14,000 years ago: dogs were first domesticated.
The results of the DNA analysis first performed on a boxer dog called Tasha in 2005 and afterwards, on hundreds of dogs, indicate that they all diverged from the gray wolf (Canis lupis) in Eurasia, approximately 40 to 14 thousand years ago.
Recent studies suggest that domestication started in China, in a region called Asia South of Yangtze River (ASY).
One possible theory is that wolfs and humans established a relation of mutual benefit: the tamest, least aggressive wolfs would approach human settlements in search of food and find it, warning the settlers when strangers approached by barking.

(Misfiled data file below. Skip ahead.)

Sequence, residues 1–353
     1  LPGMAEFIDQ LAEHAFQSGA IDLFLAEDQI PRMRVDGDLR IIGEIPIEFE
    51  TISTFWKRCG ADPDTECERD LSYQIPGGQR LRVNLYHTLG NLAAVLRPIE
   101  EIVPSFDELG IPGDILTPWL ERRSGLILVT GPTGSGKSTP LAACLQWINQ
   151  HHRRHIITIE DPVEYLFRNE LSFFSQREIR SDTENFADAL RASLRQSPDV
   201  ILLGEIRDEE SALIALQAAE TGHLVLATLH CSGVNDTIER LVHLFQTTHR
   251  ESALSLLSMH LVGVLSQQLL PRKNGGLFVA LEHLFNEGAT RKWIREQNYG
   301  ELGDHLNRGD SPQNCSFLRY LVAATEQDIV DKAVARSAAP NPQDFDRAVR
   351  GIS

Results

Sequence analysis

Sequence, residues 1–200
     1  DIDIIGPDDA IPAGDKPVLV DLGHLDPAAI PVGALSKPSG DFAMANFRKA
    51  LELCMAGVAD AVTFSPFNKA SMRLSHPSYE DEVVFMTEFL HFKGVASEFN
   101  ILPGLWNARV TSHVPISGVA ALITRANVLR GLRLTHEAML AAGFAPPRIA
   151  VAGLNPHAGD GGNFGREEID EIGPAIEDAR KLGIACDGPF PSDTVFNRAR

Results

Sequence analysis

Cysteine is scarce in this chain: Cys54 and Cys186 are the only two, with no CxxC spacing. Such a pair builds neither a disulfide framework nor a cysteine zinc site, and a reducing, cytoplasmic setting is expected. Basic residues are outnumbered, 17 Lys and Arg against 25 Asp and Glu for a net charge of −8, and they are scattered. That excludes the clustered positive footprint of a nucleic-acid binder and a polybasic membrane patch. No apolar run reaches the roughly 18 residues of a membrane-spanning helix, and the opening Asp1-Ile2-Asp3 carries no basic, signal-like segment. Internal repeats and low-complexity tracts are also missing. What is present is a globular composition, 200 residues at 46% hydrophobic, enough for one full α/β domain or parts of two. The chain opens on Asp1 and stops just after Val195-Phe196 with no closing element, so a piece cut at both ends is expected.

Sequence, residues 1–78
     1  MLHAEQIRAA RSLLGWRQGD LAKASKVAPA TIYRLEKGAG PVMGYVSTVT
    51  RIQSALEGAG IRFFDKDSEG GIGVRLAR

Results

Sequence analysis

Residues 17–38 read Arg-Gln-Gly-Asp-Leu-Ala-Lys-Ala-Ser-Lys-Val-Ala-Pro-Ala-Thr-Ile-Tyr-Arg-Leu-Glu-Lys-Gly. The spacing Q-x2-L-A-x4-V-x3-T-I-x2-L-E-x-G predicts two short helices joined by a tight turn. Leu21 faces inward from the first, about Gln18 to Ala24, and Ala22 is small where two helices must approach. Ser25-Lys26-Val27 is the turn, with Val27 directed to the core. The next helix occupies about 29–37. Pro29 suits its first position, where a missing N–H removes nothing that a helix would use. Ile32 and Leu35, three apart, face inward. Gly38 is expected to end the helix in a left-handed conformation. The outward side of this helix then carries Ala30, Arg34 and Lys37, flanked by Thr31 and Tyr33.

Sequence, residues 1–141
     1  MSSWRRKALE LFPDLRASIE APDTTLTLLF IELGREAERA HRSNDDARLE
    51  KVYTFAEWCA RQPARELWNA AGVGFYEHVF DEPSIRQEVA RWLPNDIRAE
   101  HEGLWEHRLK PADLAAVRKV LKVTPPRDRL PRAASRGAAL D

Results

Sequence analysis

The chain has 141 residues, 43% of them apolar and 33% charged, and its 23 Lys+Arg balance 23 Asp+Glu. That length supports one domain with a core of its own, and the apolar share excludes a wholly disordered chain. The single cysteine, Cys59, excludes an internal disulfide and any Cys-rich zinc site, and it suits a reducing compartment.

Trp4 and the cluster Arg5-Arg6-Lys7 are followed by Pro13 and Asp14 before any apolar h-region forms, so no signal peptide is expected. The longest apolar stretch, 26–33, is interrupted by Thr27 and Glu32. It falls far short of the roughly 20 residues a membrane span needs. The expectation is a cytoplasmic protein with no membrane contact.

Dogs became the first species to be domesticated by humans. But humans did much more than that; they started making artificial selection. They would select for different traits, breeding all sorts of dog types that would meet all kinds of needs.
It is surprising to see the huge differences there are among a gray wolf, a Chihuahua, and an Irish wolfhound. However, all these dogs, along with all existing breeds, are genetically more similar to each other than humans and bonobos.